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tychy112

“Tychy@ the Fringe” is not turning out to be the fast-moving Edinburgh Festival theatre diary which I had envisaged. A group of Trojan viruses have been performing bukkake over my C-drive, but I now seem to have finally reasserted my dominance over the computer, after days of deleting and installing various programmes. Moreover, my employer, Pollock Halls, makes all its money in the Edinburgh Festival, and so I have spent every available hour working, rather than leading public opinion on questions of contemporary theatre. The life of the theatre critic is hard!

Sylvia Plath’s “Three Women” is often erroneously described as “a play”, but it is actually three diced-up verse soliloquies, staged against the backdrop of a “maternity ward and round about.” The “three women” of the title, a wife, a secretary, and a student, respectively experience and describe childbirth, a miscarriage, and the tendering of a newborn child for adoption. Plath wrote “Three Women” for BBC radio in early 1962, months before completing some of her finest poems and a year before she died at her own hand. This production’s director, Robert Shaw, had to endure two years of copyright negotiations before the play could be staged.

One would like to focus on the aesthetic merits of “Three Women, The First Revival” but Shaw’s outfit seems more of a financial than an artistic achievement. Plath’s annihilation certainly keeps the tills jingling. “The peanut-crunching crowd/ Shoves in to see/ Them unwrap me hand and foot -” Plath recounted in “Lady Lazarus,” and her little scrap of a radio script has now been resurrected Lazarus-like to fill an Assembly Room at twelve pounds a ticket. “Three Women” is plainly unsuited for theatre, lacking both dialogue and stage action, and as the show progresses the three readers – Louisa Clein, Neve McIntosh, and Lara Lemon – listen to each other reading, and occasionally rearrange themselves around three chairs, to a prickly piano accompaniment. The real star of the show is Plath’s writing, and everything else about this production is comparatively modest and bare, like a Puritan church. There are fifty minutes of Plath’s voice, and then the show ends.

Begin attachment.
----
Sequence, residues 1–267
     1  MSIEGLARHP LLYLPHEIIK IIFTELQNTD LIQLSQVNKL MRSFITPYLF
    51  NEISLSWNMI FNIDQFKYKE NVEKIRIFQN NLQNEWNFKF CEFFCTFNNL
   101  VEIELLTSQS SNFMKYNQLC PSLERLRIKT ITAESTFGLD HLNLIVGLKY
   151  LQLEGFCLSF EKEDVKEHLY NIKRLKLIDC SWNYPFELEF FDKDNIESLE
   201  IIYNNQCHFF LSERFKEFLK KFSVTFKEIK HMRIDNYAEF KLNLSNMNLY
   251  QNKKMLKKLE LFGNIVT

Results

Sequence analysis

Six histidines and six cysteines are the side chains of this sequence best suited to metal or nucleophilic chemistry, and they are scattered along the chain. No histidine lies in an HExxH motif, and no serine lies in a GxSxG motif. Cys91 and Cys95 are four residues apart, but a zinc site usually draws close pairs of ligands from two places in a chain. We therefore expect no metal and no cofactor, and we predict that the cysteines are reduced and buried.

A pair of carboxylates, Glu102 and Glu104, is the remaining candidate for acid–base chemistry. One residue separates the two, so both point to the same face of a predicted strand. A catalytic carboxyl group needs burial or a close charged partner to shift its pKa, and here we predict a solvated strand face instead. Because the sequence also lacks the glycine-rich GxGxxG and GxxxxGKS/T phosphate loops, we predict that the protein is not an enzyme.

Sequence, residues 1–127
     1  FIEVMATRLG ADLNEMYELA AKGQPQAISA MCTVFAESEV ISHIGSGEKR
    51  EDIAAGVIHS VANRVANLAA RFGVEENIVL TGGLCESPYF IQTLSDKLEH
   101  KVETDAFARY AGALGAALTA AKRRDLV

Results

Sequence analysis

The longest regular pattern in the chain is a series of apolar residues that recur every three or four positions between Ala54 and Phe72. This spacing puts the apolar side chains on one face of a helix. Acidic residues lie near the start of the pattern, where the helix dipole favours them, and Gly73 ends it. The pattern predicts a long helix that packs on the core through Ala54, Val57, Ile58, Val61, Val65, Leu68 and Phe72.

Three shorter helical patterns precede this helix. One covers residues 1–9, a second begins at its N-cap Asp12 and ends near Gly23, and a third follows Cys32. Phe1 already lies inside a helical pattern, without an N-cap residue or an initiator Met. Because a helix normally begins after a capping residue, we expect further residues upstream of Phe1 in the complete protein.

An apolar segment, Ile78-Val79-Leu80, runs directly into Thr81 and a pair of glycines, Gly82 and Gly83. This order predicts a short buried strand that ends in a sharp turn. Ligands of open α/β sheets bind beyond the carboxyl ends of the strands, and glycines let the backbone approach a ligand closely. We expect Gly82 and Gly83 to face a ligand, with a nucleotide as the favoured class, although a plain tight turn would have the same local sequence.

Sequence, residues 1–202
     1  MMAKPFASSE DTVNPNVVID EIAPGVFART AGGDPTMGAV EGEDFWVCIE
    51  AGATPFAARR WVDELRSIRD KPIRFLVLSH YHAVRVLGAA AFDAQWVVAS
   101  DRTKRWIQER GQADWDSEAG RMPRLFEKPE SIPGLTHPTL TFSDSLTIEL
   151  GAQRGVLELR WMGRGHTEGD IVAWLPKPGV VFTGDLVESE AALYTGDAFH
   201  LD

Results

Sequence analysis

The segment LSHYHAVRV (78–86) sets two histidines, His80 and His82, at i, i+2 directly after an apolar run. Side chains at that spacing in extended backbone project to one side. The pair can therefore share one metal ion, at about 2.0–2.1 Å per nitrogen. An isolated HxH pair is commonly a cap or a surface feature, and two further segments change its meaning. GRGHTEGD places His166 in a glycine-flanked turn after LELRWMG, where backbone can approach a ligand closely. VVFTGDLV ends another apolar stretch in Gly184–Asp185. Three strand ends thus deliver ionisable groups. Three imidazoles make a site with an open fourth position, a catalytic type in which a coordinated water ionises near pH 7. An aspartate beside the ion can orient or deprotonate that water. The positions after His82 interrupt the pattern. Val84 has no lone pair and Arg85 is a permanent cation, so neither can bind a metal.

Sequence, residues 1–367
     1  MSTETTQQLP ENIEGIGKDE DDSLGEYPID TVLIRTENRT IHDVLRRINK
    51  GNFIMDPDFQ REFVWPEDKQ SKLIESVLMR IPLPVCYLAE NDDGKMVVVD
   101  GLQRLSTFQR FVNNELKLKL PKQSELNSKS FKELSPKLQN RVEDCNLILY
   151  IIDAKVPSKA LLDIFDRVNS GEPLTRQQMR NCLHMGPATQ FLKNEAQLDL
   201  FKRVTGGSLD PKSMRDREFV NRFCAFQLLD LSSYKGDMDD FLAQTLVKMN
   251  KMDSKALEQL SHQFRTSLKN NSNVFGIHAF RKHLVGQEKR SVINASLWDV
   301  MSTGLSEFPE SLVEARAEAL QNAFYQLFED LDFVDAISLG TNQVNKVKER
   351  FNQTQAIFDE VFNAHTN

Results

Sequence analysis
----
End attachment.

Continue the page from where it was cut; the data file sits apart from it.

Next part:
This set-up does not serve “Three Women” very well. Plath read several of the Ariel poems for the BBC in 1962, and these fascinating recordings have recently been posted on Youtube. Plath reads the poems deliciously, with the authority and clarity of the first BBC newsreaders, but with a droopy, droll cadence that seems to tilt each word into the moonlight. Shaw’s three performers read Plath’s words with the plaintive sincerity of beggars demanding change. At times, they sound shrill and unbalanced – wobbly with hysteria, or with an idea of female hysteria – and most of the colour and humour of the original script boils away. One wonders, incidentally, whether the original recording of “Three Women” survives. I do not know if Plath personally supervised its reading and recording, but it would be interesting to learn how it was presented, packaged, and interpreted.

Plath was not a victim – she exulted over the world. Her experience of femininity was certainly an unhappy one – a succession of betrayals and failures – but her poetry did not amount to mere reams of confessional outpourings and her achievement was to transcend her female materials through creativity and humour, and to leave to the world some truly unique literary artefacts. Shaw’s “Three Women” does not quite do this justice, and, in its light, Plath’s verse is all flesh and clay rather than light, exquisite artistry. There is one moment in “Three Women” when “the student” thus describes giving up her baby for adoption: “She is a small island, asleep and peaceful/ And I am a white ship hooting: Goodbye, goodbye.” It was a failure of this production that nobody laughed.

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